Counting calories: Get back to weight-loss basics

By Mayo Clinic staff

Your weight is a balancing act, and calories play a big role. Find out how calories determine your weight and ways you can best cut calories from your diet.

Despite all the diet strategies out there, weight management still comes down to the calories you take in versus those you burn off. Fad diets may promise you that avoiding carbs or eating a mountain of grapefruit is the secret to weight loss, but it's really all about calories. Calories: Fuel for your body Calories are the energy in food. Your body has a constant demand for energy and uses the calories from food to keep functioning. Energy from calories fuels your every action, from fidgeting to marathon running.

Carbohydrates, fats and proteins are the types of nutrients that contain calories and are the main energy sources for your body. The amount of energy in each varies. Proteins and carbohydrates have about 4 calories a gram, and fats have about 9 calories a gram. Alcohol also is a source of calories, providing about 7 calories a gram. Regardless of where they come from, the calories you eat are either converted to physical energy or stored within your body as fat. These stored calories will remain in your body as fat unless you use them up, either by reducing calorie intake so that your body must draw on reserves for energy, or by increasing physical activity so that you burn more calories.

Tipping the scale: Cutting calories

Your weight is a balancing act, but the equation is simple: If you eat more calories than you burn, you gain weight. Because 3,500 calories equals about 1 pound (0.45 kilogram) of fat, you need to burn 3,500 calories more than you take in to lose 1 pound. So if you cut 500 calories from your typical diet each day, you'd lose about 1 pound a week (500 calories x 7 days = 3,500 calories). Cutting calories doesn't have to be difficult. In fact, it can be as simple as: Skipping one extra high-calorie indulgence a day Swapping high-calorie foods for lower calorie options Reducing portion sizes

Here's a closer look.

Saving calories by cutting a high-calorie itemSkipping one or two high-calorie items is a good place to start when cutting calories. For example, you could skip your morning latte or that bowl of ice cream you always have after dinner. Think about what you eat and drink each day and identify items you could cut out. If you think that skipping your indulgence will leave you with a craving, try a low-calorie substitution. Healthier options

Instead of this ... Calories* Try this ... Calories*
1 snack bag (3 ounces) ranch-flavored tortilla chips426 3.5 cups popcorn, airpopped100
1 slice thick-crust pepperoni pizza (1/8 of a 14-inch chain pizza) 301 1 2/3 cups grapes 100
1 medium, 3-inch glazed doughnut 192 2 tablespoons peanuts 100

*Actual calories may vary by brand.

Choosing lower calorie foods

Beyond your indulgences, you can also replace common foods that are high in calories with ones that are lower in calories. You may not realize how much you can cut with some simple substitutions. For example, drink fat-free milk instead of whole milk and sparkling water or diet soda instead of blended coffee drinks. Have an extra serving of vegetables at dinner instead of an extra serving of meat. Or snack on sliced fresh fruit instead of chips. Lower calorie options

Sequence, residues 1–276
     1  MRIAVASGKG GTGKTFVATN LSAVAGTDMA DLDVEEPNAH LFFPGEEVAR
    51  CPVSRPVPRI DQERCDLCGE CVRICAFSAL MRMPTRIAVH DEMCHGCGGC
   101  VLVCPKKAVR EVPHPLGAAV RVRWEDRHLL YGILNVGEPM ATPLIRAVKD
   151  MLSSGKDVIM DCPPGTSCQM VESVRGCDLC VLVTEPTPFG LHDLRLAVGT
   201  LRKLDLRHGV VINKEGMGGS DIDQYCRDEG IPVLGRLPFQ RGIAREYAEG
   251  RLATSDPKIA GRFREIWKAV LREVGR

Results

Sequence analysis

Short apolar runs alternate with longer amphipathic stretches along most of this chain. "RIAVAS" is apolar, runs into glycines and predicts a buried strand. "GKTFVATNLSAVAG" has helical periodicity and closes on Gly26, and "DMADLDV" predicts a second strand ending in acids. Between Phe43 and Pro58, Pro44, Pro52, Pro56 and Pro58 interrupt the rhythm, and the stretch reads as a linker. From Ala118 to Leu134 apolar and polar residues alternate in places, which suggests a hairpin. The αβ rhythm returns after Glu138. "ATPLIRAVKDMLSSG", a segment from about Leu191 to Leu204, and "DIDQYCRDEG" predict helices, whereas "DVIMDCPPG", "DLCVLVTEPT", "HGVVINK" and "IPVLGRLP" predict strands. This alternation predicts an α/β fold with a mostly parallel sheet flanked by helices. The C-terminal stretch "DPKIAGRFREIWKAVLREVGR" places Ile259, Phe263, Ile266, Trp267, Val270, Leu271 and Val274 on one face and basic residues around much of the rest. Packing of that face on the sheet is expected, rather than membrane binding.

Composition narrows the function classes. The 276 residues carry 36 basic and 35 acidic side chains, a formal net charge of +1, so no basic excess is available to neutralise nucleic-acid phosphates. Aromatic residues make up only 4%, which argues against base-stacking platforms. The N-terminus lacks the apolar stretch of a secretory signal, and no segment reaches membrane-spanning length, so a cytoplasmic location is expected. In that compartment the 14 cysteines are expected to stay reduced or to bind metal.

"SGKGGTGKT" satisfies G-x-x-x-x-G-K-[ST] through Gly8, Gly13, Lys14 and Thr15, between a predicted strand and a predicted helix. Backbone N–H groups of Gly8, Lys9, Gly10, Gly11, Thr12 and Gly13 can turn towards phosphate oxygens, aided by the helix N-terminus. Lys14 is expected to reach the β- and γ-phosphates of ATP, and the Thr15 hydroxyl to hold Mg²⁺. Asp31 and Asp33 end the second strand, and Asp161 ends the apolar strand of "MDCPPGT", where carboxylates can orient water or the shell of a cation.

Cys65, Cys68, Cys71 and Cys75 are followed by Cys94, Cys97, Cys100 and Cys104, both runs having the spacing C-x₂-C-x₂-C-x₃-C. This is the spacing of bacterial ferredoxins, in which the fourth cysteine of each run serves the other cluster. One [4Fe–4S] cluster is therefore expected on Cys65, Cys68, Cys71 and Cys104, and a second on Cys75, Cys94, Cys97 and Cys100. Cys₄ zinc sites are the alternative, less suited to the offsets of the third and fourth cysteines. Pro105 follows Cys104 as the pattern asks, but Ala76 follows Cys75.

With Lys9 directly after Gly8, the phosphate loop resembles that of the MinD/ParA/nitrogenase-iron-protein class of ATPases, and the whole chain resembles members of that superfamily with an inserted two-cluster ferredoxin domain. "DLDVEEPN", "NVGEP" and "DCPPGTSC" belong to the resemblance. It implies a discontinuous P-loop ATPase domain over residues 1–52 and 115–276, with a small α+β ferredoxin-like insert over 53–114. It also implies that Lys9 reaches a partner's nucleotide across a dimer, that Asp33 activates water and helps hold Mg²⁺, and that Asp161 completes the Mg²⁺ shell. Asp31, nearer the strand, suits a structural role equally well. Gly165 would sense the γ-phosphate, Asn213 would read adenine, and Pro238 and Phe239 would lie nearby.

Instead of this ... Calories* Try this ... Calories*
Whole milk, 8 ounces 149 Skim milk, 8 ounces 86
Blended caramel coffee drink, 16 ounces 380 Diet soda, 12-ounce can 0
French fries, large fast-food packet 500 Strawberries, 1 1/2 cups whole 60

*Actual calories may vary by brand.

Reducing your portion sizesThe sizes of your portions affect how many calories you're getting. Twice the amount of food means twice the number of calories. It's common to underestimate how much you're eating, especially if you're dining out. Controlling your portions is a good way to control calories. Portion sizes
A typical portion ...Calories* A standard serving ... Calories*
Orange juice, 8 ounces 120 Orange juice, 4 ounces 60
Buttermilk pancake, 6-inch 175 Buttermilk pancake, 4-inch 86
Whole-grain cooked pasta, 1 1/2 cups 210 Whole-grain cooked pasta, 1/2 cup 70

*Actual calories may vary by brand.

Try these tips to control portion sizes and cut calories:

Serve smaller portions. At the beginning of a meal, take slightly less than what you think you'll eat. You can have seconds later if you're truly still hungry.
See what you eat. Eating directly from a container gives you no sense of how much you're eating. Seeing food on a plate or in a bowl keeps you aware of how much you're eating. Consider measuring your food with a measuring cup or scale to see how much you are actually eating.
Check food labels. Be sure to check the Nutrition Facts panel and other nutrient information for the serving size and number of calories a serving. You may find that the small bag of chips you eat with lunch every day, for example, is two servings not one, which means you're eating double the calories listed on the label.
Don't feel obligated to clean your plate. Stop eating as soon as you feel full. Those extra bites of food that you're trying not to waste add unneeded calories.
Use a calorie counter. Check out reputable resources that offer tools to count calories, such as Web sites or smart phone applications.

Putting it all together

Eliminating high-calorie foods, choosing lower calorie alternatives and cutting your portion sizes can help you reduce calories and improve weight control. For a successful and sustainable weight management plan, you also need to increase your physical activity. It's this combination of regular activity and healthy eating that will help you achieve and maintain a healthy weight.

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